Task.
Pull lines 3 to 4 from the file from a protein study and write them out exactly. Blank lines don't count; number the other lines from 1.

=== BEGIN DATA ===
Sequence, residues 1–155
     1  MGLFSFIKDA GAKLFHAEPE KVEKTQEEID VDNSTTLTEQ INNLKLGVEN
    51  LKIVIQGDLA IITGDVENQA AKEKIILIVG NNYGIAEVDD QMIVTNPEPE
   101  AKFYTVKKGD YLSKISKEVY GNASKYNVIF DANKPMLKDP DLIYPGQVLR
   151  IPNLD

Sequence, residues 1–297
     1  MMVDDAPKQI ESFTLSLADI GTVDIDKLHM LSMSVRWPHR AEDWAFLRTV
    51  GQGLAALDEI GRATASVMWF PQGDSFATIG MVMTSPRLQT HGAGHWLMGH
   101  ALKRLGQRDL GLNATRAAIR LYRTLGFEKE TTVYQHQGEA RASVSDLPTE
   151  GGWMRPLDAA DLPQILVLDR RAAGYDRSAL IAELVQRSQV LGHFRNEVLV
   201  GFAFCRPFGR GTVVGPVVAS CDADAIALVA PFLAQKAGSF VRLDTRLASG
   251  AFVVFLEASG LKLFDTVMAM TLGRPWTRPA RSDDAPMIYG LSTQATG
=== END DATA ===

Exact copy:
    51  LKIVIQGDLA IITGDVENQA AKEKIILIVG NNYGIAEVDD QMIVTNPEPE
   101  AKFYTVKKGD YLSKISKEVY GNASKYNVIF DANKPMLKDP DLIYPGQVLR